Lewis Hamilton has triumphed to claim his third Formula 1 World Championship title with victory in a thrilling United States Grand Prix.
Our Chandni Patel rates her winners and losers from the weekend…
Clearly Lewis Hamilton tops the pile here for obvious reasons. The Englishman claimed the ultimate prize with his third win at the Circuit of the Americas, putting in a forceful move on teammate Nico Rosberg at the start to claim the early lead. Victory looked in doubt later on when Mercedes didn’t call him into the pits during a Virtual Safety Car, but another full-course caution allowed him to make his final stop without losing too much ground to Rosberg. Victory was sealed with the German’s error late in the race and a richly deserved title was his. All in all, not a bad weekend for him!
Ferrari’s Sebastian Vettel started the race with a 10-place grid penalty, but drove a storming race, charging up the field and finishing third. Ferrari chose a different strategy for him and the gamble turned out perfectly for him. He was however, unable to finished ahead of Mercedes’ Nico Rosberg to keep the championship fight going to Mexico – he needed to finish second if Hamilton won to stay in mathematical contention.
The two Scuderia Toro Rosso drivers had a great race for the team, with both Max Verstappen and Carlos Sainz Jr finishing in the points for the third time in the last four races. Verstappen once again showed incredible pace and, coupled with another series of great overtaking moves, finished in fourth place, matching his career-best result from earlier in the year at Hungary. Sainz started last after crashing out in qualifying – the team incredibly managing to rebuild his car between qualifying and the race – and he claimed seventh place after copping a five-second penalty for speeding in the pit lane.
McLaren-Honda looked surprisingly competitive and had one of their strongest weekends of the season. A new power unit was bolted into the back of Fernando Alonso’s car, but surprisingly it was Jenson Button who seemed to have the Spaniard’s measure in race conditions. Button finished seventh – later promoted to sixth thanks to Carlos Sainz Jr’s time penalty – while Alonso hung on gamely until his car developed a problem in the closing laps. He fell out of the points to finish in eleventh place, but the team can still take great encouragement from this weekend.
Local driver Alexander Rossi was the first American to race in a Grand Prix on home soil in almost 10 years, and put in a solid performance to finish on the lead lap in twelfth place. Granted, his finishing position – equaling the Manor Marussia team’s best result of the season – was helped by a high-attrition race, but he once again outclassed teammate Will Stevens and showed why he is worthy of an F1 seat.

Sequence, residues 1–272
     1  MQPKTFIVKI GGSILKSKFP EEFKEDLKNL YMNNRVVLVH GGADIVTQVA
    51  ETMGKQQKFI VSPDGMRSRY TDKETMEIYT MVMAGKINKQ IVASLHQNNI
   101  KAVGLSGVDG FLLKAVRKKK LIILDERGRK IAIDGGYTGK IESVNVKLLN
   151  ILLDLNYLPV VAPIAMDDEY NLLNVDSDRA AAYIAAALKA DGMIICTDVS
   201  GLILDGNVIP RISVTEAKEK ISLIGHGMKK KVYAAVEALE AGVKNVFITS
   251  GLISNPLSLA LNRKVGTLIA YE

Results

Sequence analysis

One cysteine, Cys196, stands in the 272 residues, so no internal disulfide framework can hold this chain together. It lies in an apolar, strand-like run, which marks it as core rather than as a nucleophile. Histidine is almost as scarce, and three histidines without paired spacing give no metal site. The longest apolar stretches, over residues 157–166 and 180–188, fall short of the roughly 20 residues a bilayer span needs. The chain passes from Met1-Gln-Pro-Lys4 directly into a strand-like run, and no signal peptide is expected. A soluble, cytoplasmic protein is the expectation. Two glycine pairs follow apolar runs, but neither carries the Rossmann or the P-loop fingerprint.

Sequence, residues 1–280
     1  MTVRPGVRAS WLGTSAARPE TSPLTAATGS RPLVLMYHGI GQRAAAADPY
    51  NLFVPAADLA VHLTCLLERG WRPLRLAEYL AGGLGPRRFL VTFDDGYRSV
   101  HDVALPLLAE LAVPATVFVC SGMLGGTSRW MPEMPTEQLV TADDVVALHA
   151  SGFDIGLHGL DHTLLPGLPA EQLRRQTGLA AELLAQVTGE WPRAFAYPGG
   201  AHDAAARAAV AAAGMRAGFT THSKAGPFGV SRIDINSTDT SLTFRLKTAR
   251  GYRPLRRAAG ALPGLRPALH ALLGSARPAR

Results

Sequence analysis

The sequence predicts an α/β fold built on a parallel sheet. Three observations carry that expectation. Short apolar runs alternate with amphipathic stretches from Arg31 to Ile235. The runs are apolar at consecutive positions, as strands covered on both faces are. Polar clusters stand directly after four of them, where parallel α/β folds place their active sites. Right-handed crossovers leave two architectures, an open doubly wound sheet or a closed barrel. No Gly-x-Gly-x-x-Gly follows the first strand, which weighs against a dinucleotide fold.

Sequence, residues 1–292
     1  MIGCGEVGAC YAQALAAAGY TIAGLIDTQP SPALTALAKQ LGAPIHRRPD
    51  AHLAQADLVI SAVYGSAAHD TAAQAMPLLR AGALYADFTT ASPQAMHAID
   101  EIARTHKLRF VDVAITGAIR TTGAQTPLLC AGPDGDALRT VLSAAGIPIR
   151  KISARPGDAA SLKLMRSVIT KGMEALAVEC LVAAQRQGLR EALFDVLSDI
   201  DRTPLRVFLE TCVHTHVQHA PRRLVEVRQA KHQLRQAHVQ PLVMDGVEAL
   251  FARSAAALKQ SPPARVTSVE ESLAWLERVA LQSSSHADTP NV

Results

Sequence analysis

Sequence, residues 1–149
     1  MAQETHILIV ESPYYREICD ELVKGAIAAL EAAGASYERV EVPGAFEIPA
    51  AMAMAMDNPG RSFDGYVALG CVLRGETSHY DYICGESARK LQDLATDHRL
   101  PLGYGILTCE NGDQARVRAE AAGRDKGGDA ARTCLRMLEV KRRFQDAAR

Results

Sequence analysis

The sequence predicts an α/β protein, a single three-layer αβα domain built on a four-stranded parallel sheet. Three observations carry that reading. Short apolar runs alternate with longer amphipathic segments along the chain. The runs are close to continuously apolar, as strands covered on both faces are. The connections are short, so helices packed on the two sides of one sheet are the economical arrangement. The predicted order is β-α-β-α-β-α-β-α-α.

Despite qualifying on pole, Nico Rosberg showed a psychological vulnerability that has plagued him for much of the season. Jumped by Hamilton at the start, he then found himself squeezed into Turn 1 and forced down to fifth – a scenario similar in many respects to his being bundled off the track by his teammate after the start at Suzuka. Having regained the lead and looking on course for a win, he then ran wide after putting the power down too hard and allowed Hamilton back into the lead and victory. His post-race demeanor was completely understandable in the circumstances.
Kimi Räikkönen once again had a poor weekend in contrast to teammate Sebastian Vettel. The Finn opted not to set a Q2 time given he was taking a ten-place grid penalty and was nowhere in the race. He took a trip through the gravel trap and retired shortly after with terminal damage.
A saving grace for Räikkönen’s quest to remain in the hunt for fourth place in the Drivers’ Championship standings was a nightmare weekend for Williams, which had its first double-DNF of the season. At a circuit where the team has historically performed well, both Valtteri Bottas and Felipe Massa retired as a result of collision damage, consigning the team to no better than third place in the Constructors’ Championship standings thanks to Vettel’s podium finish.
Daniil Kvyat came into the weekend ahead of teammate Daniel Ricciardo in the championship standings, but it’s a position few feels he deserves given the Australian’s poor run of reliability. Kvyat had an opportunity to genuinely out-race Ricciardo and claim a strong result for the team, but showed signs of trouble as he started to run wide through a number of corners. One too many times proved enough for the young Russian, who crashed heavily into the barriers.
Daniel Ricciardo fared little better, and despite leading the race at one point, he got caught up in others’ wild driving and slipped down the order, finishing a lowly tenth. It was a poor result for the team after locking out the second row of the grid in qualifying.
Image via XPB Images